5 posts
A comic on spotting misinformation

There’s a lot of misinformation passing through the internets right now. A lot. Connie Jin, for NPR, made a comic that explains how to spot it. I suspect FD readers are better than average at staying skeptical, but maybe pass this along to the family members who aren’t so good and picking out what is real and not. Tags: comic, Connie Jin, coronavirus, misinformation, NPR

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Now pull

A comic by Marcos Balfagón attaches action to the curve. Tags: comic, coronavirus, curve

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Diverging line plot as the perfect comic

This is perfect. Willikin Wolf made characters out of two dots moving along their paths of productivity and wages. Something’s wrong — Willikin Wolf (@WillikinWolf) September 23, 2019 More data+comics, please. Tags: comic, Willikin Wolf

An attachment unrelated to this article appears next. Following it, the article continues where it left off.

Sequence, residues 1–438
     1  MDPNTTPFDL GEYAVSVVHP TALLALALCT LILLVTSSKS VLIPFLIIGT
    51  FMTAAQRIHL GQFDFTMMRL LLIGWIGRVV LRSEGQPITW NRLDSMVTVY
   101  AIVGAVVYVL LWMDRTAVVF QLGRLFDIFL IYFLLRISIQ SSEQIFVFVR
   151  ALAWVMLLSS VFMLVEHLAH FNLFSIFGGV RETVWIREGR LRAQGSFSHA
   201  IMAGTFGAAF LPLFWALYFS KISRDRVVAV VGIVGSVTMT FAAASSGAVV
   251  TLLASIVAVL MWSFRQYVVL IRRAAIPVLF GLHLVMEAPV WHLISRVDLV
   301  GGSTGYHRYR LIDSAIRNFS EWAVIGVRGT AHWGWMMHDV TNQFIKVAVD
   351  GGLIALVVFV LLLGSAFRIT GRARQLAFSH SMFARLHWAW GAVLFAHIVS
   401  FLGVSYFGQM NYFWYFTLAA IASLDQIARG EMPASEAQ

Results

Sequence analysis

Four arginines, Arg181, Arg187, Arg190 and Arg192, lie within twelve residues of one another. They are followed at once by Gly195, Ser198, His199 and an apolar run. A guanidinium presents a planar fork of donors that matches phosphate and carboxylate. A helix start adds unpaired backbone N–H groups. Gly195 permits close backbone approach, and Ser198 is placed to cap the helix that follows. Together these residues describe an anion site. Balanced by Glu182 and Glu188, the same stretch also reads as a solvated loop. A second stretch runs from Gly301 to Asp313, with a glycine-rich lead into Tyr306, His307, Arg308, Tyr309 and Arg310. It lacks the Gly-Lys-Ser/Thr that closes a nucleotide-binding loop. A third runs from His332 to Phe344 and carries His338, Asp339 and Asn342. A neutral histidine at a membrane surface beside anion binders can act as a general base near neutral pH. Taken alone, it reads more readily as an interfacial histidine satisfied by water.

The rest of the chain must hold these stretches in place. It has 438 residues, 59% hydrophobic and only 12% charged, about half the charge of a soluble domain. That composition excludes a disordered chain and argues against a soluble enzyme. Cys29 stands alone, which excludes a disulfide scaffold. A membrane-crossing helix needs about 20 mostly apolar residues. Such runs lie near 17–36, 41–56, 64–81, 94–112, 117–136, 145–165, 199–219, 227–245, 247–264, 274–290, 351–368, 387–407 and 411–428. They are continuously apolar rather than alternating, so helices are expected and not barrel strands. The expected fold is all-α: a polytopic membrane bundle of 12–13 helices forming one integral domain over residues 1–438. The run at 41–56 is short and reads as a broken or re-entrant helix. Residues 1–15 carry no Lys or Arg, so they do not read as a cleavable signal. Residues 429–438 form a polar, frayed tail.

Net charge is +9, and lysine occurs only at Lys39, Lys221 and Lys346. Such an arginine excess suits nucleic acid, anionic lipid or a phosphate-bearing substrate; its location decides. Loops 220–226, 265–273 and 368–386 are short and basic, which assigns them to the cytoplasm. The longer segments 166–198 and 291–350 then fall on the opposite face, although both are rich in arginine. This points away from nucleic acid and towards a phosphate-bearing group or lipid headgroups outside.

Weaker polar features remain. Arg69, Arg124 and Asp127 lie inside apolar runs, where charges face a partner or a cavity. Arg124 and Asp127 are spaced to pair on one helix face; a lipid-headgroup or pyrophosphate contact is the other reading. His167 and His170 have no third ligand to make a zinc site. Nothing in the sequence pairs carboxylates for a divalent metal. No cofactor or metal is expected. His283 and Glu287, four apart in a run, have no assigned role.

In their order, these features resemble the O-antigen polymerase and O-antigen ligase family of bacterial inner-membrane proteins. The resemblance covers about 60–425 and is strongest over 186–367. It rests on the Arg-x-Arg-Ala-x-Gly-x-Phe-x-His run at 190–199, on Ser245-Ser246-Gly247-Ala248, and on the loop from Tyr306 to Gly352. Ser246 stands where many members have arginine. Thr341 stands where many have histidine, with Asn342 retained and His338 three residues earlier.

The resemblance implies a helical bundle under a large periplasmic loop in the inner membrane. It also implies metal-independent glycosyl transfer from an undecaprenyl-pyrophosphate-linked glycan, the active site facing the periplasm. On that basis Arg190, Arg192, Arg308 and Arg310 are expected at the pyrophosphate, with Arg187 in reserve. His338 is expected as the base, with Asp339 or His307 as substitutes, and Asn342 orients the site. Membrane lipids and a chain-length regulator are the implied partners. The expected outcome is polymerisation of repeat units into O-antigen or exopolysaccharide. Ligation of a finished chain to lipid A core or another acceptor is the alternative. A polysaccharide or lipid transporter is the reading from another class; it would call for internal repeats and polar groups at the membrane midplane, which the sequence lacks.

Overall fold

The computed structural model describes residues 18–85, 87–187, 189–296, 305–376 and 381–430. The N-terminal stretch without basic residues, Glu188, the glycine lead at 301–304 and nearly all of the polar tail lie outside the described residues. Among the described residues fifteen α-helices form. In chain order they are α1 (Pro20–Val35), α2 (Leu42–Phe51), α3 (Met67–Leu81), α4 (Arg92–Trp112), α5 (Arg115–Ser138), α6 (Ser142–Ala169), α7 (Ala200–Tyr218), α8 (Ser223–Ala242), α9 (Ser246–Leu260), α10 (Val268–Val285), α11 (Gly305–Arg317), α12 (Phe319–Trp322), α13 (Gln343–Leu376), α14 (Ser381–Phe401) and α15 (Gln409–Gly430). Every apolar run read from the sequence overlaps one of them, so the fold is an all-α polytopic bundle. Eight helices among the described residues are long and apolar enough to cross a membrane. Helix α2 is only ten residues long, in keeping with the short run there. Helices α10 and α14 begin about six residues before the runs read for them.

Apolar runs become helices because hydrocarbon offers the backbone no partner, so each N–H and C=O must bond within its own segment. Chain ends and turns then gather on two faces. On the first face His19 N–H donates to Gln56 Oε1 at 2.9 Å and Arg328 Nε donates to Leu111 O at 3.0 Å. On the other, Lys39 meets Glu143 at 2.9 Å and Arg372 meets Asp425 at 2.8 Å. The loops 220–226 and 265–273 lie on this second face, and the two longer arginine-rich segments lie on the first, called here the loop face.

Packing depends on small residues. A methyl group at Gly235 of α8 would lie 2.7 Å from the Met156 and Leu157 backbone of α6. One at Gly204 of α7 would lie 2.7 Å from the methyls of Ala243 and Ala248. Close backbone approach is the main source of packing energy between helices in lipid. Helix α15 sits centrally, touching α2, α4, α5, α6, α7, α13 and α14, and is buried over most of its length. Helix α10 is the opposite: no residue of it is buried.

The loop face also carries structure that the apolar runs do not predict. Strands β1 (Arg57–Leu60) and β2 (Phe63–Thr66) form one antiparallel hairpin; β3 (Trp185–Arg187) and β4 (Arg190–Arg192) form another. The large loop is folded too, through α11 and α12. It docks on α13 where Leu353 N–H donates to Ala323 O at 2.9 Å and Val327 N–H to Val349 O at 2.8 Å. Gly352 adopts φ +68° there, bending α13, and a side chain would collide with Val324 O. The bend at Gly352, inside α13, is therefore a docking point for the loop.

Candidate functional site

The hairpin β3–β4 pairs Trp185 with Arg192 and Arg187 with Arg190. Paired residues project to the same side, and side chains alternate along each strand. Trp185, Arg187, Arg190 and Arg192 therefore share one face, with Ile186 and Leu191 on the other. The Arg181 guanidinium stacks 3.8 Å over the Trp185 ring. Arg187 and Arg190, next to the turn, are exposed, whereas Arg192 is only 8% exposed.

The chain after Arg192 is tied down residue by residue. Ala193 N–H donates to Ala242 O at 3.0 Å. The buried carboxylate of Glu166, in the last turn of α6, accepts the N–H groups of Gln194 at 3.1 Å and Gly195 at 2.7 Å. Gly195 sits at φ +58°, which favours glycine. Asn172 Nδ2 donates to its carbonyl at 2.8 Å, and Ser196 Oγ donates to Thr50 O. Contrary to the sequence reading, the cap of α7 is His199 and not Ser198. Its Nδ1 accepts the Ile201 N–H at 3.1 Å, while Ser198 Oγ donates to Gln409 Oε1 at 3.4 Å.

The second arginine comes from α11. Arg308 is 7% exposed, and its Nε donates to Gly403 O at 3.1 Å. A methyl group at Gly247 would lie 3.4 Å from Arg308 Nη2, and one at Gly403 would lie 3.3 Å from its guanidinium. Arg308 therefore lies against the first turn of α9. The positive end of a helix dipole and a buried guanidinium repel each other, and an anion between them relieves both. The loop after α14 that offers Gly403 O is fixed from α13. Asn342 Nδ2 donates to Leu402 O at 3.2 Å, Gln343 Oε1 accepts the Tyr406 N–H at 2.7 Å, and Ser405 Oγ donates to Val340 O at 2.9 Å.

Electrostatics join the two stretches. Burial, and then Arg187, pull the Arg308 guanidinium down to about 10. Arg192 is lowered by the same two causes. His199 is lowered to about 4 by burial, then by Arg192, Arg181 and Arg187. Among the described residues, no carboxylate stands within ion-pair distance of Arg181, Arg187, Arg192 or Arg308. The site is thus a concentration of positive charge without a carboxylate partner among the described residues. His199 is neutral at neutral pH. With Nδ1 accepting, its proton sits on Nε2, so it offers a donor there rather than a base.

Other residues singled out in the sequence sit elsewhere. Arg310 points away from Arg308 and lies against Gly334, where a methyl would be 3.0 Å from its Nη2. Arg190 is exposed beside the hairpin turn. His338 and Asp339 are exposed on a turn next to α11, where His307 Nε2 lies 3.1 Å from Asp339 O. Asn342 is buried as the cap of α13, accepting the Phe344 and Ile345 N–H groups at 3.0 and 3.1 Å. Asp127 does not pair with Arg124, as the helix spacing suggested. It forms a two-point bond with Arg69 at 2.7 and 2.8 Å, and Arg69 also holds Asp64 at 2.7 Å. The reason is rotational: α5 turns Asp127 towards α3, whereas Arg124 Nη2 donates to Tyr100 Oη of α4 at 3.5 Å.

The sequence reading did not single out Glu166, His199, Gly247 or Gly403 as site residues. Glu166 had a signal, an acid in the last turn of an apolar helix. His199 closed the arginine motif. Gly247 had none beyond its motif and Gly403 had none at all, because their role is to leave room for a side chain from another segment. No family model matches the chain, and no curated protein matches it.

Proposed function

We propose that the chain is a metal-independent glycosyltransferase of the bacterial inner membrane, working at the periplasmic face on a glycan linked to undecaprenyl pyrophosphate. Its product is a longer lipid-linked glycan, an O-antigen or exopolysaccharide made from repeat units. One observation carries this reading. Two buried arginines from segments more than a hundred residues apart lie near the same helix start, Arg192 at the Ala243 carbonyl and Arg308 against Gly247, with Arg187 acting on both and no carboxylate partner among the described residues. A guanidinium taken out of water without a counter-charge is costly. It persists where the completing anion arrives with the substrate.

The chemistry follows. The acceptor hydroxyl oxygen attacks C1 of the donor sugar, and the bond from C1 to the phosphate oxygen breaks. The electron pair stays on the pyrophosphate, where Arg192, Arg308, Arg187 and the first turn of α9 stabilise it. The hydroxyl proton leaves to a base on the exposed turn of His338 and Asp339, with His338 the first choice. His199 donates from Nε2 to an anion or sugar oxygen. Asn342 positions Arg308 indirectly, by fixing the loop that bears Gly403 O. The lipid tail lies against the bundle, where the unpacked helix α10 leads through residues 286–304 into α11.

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Data comic shows an average American day

Matt Hong used a stacked bar chart over time as the frame for a data comic about American time use. Each row represents a 2-hour window during the day, and each stack represents the percentage of Americans doing an activity: sleep, work, free, and other. The activity with the highest percentage gets a highlight. As a fan of time use data, this is totally my jam. Also, the data comic...

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Math to fix gerrymandering, explained in comic

Gerrymandering doesn’t sound like an especially sexy topic, but it’s an important one to pay attention to. District lines are drawn in roundabout ways sometimes to favor a party. This used to be a manual process, but math and computing has made it much easier to sway these days. Olivia Walch explains how math can be used to swing line drawing to a more equal process. See also the gerrymandering...

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